After Oval Nightmares, Conway Is California Dreamin'

A few months after making courageous decision to not race ovals, British driver Mike Conway's return to the IndyCar Series at Long Beach Grand Prix is simply stellar during Friday practice. Former OC resident Ryan Hunter-Reay is fastest in practice

The last time Mike Conway was in California, he wanted no part of it. Headed into the season finale on the two-mile oval at Auto Club Speedway in Fontana, Conway said the speeds and the danger were just too much to bear, and anyone who saw his horrific crashes at the Indianapolis 500 would know why.

But on Friday in Long Beach, on a temporary street course where Conway feels more at home and considerably more confident, he marked his return to the IZOD IndyCar Series with a stellar performance.

Conway was the second-fastest driver in both the morning and afternoon practices, and seemed to establish Rahal Letterman Lanigan Racing as a major threat to win the 39th Toyota Grand Prix of Long Beach. 

Conway certainly knows his way around the 11-turn, 1.968-mile track. He won the event in 2011 for team owner Michael Andretti by passing Ryan Briscoe with 14 laps remaining.

But heading into last year's season-ending race in Fontana for owner A.J. Foyt, Conway gave up his ride knowing it might end his career in IndyCar, which prides itself on its mixture of ovals and road and street courses.

"I knew it would make things harder," said Conway, whose season right now consists of one race—driving for Bobby Rahal, David Letterman and Mike Lanigan. "At end of the day, I wanted to enjoy my driving. I felt really good coming into this one. Good track, good team, exciting times. Not sure what's ahead.

"Couldn't ask for much more really. I wanted to be up there, obviously, in times but to be Top 2 is really encouraging. Obviously, not get complacent and do my homework tonight and make it work tomorrow."

Conway's time in the afternoon practice session of 1 minute 9.4603 seconds was 4/100ths behind former Orange County resident Ryan Hunter-Reay, whose 1:09.4224 converted to an average speed of 102.05 mph, including the track's famous last turn hairpin.

Hunter-Reay, who lived in Dana Point and Newport Beach for eight years, won an 85-lap race in 2010 after starting second, but this year it will be 80 laps, which should eliminate fuel economy as a strategy.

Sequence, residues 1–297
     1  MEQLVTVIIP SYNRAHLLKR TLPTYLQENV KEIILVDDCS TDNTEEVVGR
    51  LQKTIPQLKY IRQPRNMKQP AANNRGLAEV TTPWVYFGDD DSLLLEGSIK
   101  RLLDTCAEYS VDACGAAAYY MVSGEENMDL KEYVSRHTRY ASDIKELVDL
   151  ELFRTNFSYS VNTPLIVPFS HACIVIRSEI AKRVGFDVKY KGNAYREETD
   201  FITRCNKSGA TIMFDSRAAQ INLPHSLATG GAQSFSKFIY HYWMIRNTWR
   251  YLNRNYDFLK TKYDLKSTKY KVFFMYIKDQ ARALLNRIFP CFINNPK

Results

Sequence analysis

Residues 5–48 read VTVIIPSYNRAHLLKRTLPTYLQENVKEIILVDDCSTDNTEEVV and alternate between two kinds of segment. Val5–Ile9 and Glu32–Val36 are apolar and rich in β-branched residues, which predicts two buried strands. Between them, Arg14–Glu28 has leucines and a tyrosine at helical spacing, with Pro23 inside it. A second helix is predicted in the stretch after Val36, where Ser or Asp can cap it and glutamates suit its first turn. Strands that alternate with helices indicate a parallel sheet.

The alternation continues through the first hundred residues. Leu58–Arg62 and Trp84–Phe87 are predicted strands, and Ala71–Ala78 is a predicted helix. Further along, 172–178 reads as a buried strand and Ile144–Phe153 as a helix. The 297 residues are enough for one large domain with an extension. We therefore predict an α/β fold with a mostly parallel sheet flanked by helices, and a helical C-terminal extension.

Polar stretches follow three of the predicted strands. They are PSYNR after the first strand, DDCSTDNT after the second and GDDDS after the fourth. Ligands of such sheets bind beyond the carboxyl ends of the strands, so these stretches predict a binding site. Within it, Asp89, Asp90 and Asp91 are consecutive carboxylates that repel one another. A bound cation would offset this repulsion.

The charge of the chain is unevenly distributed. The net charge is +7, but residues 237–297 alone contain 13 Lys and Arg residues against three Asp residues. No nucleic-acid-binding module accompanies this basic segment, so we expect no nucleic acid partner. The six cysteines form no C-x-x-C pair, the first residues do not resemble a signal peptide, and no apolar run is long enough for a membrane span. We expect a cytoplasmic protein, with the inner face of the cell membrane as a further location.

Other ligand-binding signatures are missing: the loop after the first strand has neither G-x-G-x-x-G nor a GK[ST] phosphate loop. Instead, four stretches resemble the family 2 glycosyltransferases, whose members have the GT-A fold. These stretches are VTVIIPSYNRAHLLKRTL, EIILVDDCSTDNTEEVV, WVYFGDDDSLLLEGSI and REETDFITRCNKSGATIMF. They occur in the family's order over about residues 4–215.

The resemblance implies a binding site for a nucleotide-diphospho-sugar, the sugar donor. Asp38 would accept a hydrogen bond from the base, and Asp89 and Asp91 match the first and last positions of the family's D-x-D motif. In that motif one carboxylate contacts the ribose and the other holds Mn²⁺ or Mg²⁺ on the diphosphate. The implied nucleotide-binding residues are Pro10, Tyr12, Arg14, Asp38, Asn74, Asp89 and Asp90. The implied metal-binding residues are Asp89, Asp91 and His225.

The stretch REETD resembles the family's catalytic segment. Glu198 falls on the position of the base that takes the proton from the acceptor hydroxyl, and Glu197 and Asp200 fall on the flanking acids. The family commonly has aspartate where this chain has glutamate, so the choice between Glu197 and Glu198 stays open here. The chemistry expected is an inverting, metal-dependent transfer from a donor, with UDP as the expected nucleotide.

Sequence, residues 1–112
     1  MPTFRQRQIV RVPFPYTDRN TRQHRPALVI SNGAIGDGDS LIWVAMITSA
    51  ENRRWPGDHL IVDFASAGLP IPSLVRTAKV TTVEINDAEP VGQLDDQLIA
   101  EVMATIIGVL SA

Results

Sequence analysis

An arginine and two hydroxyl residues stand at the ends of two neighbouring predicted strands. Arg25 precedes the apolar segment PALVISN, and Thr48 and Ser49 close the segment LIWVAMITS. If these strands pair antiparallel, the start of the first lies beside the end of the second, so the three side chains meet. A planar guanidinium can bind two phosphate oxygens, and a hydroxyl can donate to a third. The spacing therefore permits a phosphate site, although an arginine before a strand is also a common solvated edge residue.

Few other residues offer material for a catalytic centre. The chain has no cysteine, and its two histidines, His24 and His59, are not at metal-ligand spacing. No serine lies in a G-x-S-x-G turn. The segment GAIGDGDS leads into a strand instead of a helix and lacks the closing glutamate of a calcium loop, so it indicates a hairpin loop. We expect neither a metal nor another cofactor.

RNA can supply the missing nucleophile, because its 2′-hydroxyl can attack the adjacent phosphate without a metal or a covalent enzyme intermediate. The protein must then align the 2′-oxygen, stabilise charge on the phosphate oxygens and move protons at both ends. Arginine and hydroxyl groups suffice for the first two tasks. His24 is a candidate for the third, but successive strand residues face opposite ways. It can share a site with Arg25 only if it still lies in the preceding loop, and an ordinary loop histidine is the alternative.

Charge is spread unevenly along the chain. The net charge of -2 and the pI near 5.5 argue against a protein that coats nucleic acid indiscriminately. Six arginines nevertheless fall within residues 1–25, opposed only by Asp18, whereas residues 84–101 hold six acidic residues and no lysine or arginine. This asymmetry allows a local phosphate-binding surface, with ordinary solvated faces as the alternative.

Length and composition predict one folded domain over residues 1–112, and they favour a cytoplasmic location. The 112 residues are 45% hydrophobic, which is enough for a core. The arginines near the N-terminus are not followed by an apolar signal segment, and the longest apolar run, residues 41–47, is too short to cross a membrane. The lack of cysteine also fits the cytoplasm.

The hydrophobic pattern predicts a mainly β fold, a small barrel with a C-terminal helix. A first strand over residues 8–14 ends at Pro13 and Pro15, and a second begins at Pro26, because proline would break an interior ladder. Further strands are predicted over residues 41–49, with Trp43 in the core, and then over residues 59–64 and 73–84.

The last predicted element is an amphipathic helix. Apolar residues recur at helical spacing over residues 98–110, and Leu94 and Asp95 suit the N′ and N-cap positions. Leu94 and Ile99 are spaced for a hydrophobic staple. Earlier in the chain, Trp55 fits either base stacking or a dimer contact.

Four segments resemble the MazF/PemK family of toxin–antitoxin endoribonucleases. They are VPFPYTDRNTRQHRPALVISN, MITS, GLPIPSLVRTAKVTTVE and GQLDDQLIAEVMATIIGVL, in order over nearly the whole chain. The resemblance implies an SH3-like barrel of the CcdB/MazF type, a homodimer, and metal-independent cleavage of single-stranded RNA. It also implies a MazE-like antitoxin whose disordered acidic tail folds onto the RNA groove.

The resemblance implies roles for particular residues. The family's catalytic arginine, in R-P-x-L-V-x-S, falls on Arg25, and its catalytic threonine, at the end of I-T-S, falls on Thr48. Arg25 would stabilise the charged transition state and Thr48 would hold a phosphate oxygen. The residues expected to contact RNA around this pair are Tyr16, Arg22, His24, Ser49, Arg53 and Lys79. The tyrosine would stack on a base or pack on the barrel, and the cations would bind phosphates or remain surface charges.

The second 45-minute practice session included only 17 minutes of green flag time because of incidents involving Sebastian Saavedra, Justin Wilson, Scott Dixon and E.J. Viso. That puts the teams under the gun when they practice and attempt to qualify on Saturday, 2 p.m., for the race that begins Sunday, 1:40 p.m., on NBC Sports Network.

Eleven of the 27 drivers were unable to complete as many as 10 laps in the second session. James Hinchcliffe, like Hunter-Reay a driver for Andretti and the winner of the season's first event in St. Petersburg, had the fastest time in the morning practice; his time of 1:09.8157 was slower than eight drivers in the second session.

Behind RHR and Conway on the combined speed chart were two-time winner Will Power, rookie Tristan Vautier, 2001 winner Helio Castroneves, James Jakes, Alex Tagliani, 2009 winner Dario Franchitti, Hinchcliffe and Takuma Sato.

Hunter-Reay said he respected Conway for his decision to leave ovals behind, a decision the 29-year-old Brit made after a horrific season-ending injury in the 2010 Indy 500 and another bad crash in 2012; he failed to make the 2011 race.

After an open test at Fontana the last week of last season, Conway announced the next day he was done with ovals.

In a sport where courage is king, Conway got support from other drivers.

"I wasn't sure what people would say, and wasn't really bothered at the time what they would say even, but it was nice they had my back," Conway said. "That was pretty cool."

Hunter-Reay, who lived in Newport Beach and Dana Point for eight years before moving to Florida, was one of those supporters.

"It's for some people and it's not for others," Hunter-Reay said. "Definitely, doing 225 mph where your head's exposed puts you at a certain risk. He came up in European racing and it's a different mentality on that, on safety too. It's definitely more dangerous here. If he doesn't need to do it and isn't comfortable doing it, and he really wants to road race, we support him in that for sure. He's definitely competitive on the road courses as well, so it's good to have him back.

"(The series) is definitely better with him in it. He's a great driver and on any road or street circuit he could win."


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